Activity-driven synaptic and axonal degeneration in canine motor neuron disease.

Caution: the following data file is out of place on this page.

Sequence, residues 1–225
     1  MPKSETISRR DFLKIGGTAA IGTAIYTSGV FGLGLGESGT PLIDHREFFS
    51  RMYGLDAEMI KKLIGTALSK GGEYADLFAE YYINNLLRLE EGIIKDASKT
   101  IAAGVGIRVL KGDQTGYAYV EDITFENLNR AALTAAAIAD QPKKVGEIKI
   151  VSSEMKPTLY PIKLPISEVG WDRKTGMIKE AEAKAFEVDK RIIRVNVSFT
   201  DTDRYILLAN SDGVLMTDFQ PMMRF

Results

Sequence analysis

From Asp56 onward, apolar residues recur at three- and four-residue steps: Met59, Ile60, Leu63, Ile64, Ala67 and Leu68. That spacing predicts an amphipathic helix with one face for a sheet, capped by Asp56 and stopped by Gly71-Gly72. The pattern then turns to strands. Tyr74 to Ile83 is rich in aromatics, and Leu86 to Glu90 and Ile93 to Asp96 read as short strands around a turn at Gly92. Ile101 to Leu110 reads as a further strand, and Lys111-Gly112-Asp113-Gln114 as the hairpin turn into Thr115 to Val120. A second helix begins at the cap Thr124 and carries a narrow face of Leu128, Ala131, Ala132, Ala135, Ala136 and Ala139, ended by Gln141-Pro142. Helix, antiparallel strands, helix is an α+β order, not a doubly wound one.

Hereditary canine spinal muscular atrophy (HCSMA) is an autosomally dominant disease of motor neurons that shares many pathological features with human motor neuron disease. A particularly striking feature of the affected, accelerated phenotype (homozygous HCSMA) is that profound weakness develops before appreciable motor neuron cell death occurs (Cork et al., 1989a), implying that motor unit functional defects occur initially. The purpose of this study was to identify the site of these defects and characterize their nature. In most young homozygotes (2-3 months postnatal), motor neurons were encountered that could support orthodromic action potential propagation to the muscle but did not activate muscle fibers. The tetanic forces of innervated motor units in young homozygotes tended to be smaller than those in closely age-matched clinically normal animals. In older homozygotes (approximately 4.5 months, postnatal), all motor neurons sampled were capable of activating muscle fibers, but many motor units displayed abnormal behavior including an inability to sustain force output during high frequency activation. Motor units exhibiting tetanic failure also showed proportionately greater twitch potentiation than nonfailing units of similar unpotentiated twitch amplitude. Tetanic failure and large potentiation tended to occur in motor units that possessed the slowest contraction speeds. These results indicate that motor neuron functional defects in HCSMA appear initially in the most distal parts of the motor axon and involve defective neurotransmission. The possible roles of distal nerve degeneration, motor terminal sprouting, and synaptic transmission in causing these deficits are considered.